On July 10, 2015, the City Planning Division received applications from Westbank to amend the Official Plan and Zoning By-laws to redevelop a number of properties bordered by Bloor Street West, Bathurst Street, Lennox Street, and Markham Street, as well as a number of properties on the west side of Markham Street.
The application is to amend the Zoning By-law to permit the construction of a 13-storey residential. The proposal consists of a 5-storey base and 7-storey tower and an overall height of 47.5 metres, including the mechanical equipment. A total of 94 residential units, 43 parking spaces and 95 bicycle parking spaces are proposed.
The application is to amend the Zoning By-law to permit the construction of a 34-storey mixed-use building containing street level retail and residential uses above. The proposal consists of a 7-storey base and 27-storey tower with an overall height of 112.6 metres, including the mechanical equipment. A total of 350 residential units, 126 parking spaces and 350 residential bicycle parking spaces are proposed.
In November of 2015 City Council requested a review of development along Roncesvalles Avenue, between Queen Street West and Boustead Avenue, and on Dundas Street West, between Boustead Avenue and Sorauren Avenue.
At its meeting in November 2015, City Council directed Community Planning staff to review current and future development pressures within the Davenport Triangle block, and work with Transportation Services to review the capacity of Designer's Walk Lane and Urban Design staff to consider urban design and built form guidelines on top of the existing Planning framework.
In February 2012, Toronto and East York Community Council requested staff review the policy context for College Street from University Avenue to Bathurst Street. Following this request, staff commenced the College Street Built Form Study.
A Zoning By-law Amendment application to permit an 8-storey residential building with 21 units and 31 vehicular parking spaces was received by the City of Toronto on April 25, 2016.
Bathurst Bloor Four Corners
Environmentally Significant Areas (ESAs) are natural spaces within Toronto's natural heritage system that require special protection to preserve their environmentally significant qualities.
In 2012, photographer Robert Burley was commissioned by the City of Toronto to document these natural spaces at this pivotal time in the City's history. The result is the book An Enduring Wilderness: Toronto’s Natural Parklands.
As part of the Five Year Review of the Official Plan, the City is amending its Official Plan to bring it into conformity with the Provincial Greenbelt Plan (2005) and other environmental planning initiatives.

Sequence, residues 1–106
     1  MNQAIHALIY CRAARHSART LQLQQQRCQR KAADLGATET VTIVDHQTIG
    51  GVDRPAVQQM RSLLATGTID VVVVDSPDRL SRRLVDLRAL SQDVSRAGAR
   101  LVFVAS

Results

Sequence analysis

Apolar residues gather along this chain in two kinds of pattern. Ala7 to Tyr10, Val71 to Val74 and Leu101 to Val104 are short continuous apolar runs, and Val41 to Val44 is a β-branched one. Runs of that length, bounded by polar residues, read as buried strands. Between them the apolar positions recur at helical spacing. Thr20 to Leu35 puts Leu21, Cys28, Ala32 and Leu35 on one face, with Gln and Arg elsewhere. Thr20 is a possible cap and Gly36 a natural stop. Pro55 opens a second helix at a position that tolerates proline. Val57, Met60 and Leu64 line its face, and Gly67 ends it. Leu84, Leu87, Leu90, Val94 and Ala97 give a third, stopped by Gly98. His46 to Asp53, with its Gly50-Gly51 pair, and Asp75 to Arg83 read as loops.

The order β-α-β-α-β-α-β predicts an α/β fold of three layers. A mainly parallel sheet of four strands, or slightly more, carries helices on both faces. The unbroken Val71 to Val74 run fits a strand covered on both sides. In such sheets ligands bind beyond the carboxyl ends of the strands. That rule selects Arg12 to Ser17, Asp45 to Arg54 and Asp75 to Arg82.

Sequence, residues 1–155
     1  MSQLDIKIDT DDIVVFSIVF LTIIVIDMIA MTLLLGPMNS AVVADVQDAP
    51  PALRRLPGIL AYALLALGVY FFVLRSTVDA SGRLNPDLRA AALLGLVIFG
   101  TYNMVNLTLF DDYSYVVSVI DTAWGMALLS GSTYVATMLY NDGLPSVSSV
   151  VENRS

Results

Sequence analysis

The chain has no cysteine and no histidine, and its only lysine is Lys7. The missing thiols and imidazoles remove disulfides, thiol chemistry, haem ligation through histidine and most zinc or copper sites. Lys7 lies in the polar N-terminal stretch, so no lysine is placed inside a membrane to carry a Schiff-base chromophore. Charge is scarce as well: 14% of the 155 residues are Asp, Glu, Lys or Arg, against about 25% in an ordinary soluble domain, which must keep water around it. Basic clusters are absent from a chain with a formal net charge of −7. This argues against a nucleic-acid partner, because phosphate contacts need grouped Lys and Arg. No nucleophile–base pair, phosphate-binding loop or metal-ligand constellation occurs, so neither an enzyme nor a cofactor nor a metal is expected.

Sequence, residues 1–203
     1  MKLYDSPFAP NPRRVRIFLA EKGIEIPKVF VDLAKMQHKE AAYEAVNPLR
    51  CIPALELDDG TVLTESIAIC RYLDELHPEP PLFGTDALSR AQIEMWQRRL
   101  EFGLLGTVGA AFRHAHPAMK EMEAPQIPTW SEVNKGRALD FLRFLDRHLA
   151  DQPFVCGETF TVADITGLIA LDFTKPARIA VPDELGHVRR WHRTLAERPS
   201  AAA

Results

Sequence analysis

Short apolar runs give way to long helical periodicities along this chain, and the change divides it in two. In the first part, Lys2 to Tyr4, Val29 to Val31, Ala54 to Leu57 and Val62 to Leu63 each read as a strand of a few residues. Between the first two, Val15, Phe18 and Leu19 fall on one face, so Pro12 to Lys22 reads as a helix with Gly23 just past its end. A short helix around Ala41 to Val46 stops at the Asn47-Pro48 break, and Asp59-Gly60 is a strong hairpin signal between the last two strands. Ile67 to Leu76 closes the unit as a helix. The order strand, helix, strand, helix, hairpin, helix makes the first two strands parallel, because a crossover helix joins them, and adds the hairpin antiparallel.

The Biodiversity Booklet Series helps re-connect people with the natural world, and raises awareness of the seriousness that biodiversity loss represents and how it affects them directly.
The King Street Pilot Study is exploring bold, transformative ideas to redesign King Street in order to achieve three broad city-building objectives: moving people on transit more efficiently, improving placemaking and the public realm, and supporting business and economic prosperity.
Planning for a new rapid transit line to connect Line 1 Yonge-University, in the downtown to Line 2 Bloor-Danforth, east of the Don River.
The City of Toronto, together with the Toronto Transit Commission (TTC), is planning an extension to the Bloor-Danforth Subway (Line 2) and Crosstown LRT eastward to University of Toronto Scarborough Campus.
The Scarborough Rapid Transit Network was developed to support the transit priorities for Scarborough.
The City of Toronto, in partnership with the Toronto Transit Commission and Waterfront Toronto is undertaking a Waterfront Transit "Reset" study. The study will involve a comprehensive review of existing and planned waterfront transit, and will clearly articulate the opportunities and options that exist to realize an integrated and continuous waterfront transit route and network.
SmartTrack is a proposed new transit solution that uses existing track to link Scarborough to Etobicoke via Downtown. SmartTrack includes enhanced service on the Kitchener and Stouffville/Lakeshore East GO corridors and the Eglinton West LRT. The Eglinton West Light Rapid Transit line will close a gap in the city and region's transit network, providing a continuation of crosstown services, and a connection to Pearson airport area and the west end.
The Feeling Congested transportation consultation campaign engages Torontonians on a range of issues related to transportation planning, priorities and funding. This engagement supports and informs the current 5-Year Review of the City's Official Plan transportation policies, the development of a new long-term transportation plan, and the development of a funding and investment strategy.
The City of Toronto, Toronto Port Authority, Toronto District School Board, and Build Toronto are undertaking a Strategic Transportation Study for the area around the BBTCA and Eireann Quay to resolve traffic congestion issues and address community concerns.
Explore the results of the City Planning's Public Art Program to see how art animates Toronto's public realm, and learn how the program works in conjunction with the Percent for Public Art Guidelines.
The Scarborough Centre Public Art Master Plan will guide the development and/or acquisition of public art to enhance the Centre’s image and foster creativity and innovation in the shaping an authentic downtown.
Explore the City's Privately Owned Publicly-Accessible Spaces (POPS) map and draft Urban Design Guidelines.
This study is about creating a "template" for Neighbourhood Urban Design Guidelines and a how-to manual to enable residents and community groups to develop tailored design guidelines for their neighbourhood, while ensuring consistent content and format with other neighbourhood specific design guidelines throughout the city.
Eglinton Connects is a comprehensive Planning Study being conducted around the three themes of building, travelling, and greening Eglinton. The goal is to evolve Eglinton in ways that are appropriate to local contexts, while leveraging opportunities the new Crosstown transit line will bring.
A program to improve the public realm.
Toronto's waterfront renewal is a long-term, multi-billion dollar plan to make environmental improvements, generate economic activity and enhancement the overall quality of life along Toronto's waterfront between Coxwell and Dowling Avenues.
Heritage Preservation Services plays an important role in preserving Toronto's heritage by advising City Council on matters relating to the Ontario Heritage Act and acting as a professional resource for the community and property owners on the conservation of the City's historic resources.